16 December 1863: “The creeks will surely reach the highest water mark this time.”

Item Description: Diary entry, dated 16 December 1863, from the Samuel A. Agnew Diary.  He discusses extraordinary rainfall and a lack of news of the war.

[transcription available below image]


Item Citation: From folder 9 of the Samuel A. Agnew Diary #923, Southern Historical Collection, Wilson Library, University of North Carolina at Chapel Hill.

Item transcription:

The weather: a very rainy day.

The most observable fact to be noticed in reference to this day is its wet character. I have nothing to note in reference to the war, nothing from Okolona, Georgia or Virginia. But my notes this day concern the weather. When I awakened this morning about daybreak the rain commenced. I had intended returning home before breakfast, but did not start till near 10, about which time the rain slackened. I got a little wet as I rode home. The rain fell in showers. about noon, holding up for a few hours. But this evening we have had more rain than during the forenoon although it rained almost continuously the most of the morning.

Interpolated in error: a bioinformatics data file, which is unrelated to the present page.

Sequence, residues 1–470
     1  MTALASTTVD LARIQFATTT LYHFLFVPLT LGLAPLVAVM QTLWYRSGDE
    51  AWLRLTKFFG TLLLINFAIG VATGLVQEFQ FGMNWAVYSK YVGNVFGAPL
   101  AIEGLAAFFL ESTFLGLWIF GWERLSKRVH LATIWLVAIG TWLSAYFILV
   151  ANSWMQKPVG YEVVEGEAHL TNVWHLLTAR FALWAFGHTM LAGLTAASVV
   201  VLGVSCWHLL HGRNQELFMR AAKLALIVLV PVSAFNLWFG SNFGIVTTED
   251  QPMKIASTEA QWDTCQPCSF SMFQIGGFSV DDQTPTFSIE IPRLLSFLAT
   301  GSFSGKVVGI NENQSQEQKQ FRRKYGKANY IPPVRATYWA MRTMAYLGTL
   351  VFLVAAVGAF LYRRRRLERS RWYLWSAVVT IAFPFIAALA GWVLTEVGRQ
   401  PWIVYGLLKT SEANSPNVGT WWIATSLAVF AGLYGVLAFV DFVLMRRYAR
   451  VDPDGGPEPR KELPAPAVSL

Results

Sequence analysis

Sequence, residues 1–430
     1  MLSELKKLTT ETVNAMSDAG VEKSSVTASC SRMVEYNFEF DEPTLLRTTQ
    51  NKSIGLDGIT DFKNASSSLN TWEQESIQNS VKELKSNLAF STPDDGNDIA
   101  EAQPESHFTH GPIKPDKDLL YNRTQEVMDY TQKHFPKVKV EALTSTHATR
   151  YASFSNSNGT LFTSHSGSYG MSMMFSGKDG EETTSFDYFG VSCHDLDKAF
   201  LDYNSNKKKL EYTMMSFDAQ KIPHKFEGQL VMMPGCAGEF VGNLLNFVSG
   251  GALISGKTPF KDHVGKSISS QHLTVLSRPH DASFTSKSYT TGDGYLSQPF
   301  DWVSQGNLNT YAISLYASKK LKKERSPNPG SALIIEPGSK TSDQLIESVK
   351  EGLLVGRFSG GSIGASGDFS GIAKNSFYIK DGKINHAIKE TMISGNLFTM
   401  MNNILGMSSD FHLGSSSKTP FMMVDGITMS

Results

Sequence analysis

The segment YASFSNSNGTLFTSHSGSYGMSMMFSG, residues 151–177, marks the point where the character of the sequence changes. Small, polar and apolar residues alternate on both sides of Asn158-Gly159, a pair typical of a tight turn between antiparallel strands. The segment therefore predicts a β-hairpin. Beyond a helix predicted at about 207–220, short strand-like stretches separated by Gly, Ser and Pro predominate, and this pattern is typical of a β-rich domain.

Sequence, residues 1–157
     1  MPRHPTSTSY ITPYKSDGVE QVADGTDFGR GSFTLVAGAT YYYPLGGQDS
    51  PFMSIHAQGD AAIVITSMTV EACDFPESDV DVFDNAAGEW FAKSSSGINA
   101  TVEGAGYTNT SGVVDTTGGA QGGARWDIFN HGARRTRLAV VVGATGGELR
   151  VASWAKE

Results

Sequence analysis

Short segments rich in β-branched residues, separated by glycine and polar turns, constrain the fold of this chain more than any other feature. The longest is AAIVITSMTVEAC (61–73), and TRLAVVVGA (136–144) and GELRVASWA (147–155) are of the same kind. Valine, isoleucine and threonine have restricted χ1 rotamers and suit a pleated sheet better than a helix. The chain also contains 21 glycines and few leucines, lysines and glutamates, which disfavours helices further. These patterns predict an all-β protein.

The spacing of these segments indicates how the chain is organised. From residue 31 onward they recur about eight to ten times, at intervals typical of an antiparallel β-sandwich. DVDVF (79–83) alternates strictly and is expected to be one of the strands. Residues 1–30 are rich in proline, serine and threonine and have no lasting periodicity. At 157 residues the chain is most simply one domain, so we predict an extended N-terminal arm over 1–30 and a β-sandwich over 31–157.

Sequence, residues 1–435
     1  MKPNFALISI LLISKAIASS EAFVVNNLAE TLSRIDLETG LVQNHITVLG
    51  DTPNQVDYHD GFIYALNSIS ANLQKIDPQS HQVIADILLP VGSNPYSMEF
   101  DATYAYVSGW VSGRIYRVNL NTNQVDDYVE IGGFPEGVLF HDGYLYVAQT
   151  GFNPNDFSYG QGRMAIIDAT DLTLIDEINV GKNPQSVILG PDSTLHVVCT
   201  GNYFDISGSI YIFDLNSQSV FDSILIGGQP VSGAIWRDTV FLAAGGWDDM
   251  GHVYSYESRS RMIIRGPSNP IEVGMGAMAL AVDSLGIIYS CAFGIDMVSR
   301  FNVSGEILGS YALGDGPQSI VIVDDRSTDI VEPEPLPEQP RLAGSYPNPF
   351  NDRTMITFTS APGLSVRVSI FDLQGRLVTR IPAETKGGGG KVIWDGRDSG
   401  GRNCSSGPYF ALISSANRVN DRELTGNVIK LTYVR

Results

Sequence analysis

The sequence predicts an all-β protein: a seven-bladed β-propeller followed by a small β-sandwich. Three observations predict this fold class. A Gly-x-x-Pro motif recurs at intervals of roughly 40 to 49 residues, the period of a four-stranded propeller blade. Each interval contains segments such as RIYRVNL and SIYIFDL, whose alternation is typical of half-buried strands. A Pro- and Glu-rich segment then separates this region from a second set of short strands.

Just about 1/2 after 4 it set in to rain “good” and rained heavily: the earth is covered with water. And tonight it is still pouring down heavily and continuously. The creeks will surely reach the highest water mark this time. There has been very little passing. Saw Dickson passing with his ox waggon up the road this evening. He was well soaked with the rain. No news of any kind today. I think that during this day there was not more than 2 hours when it was not raining continuously and steadily. When I lie down a little after 9 the rain had ceased, but it is still warm and clouded and although we have had floods we will probably have more yet.

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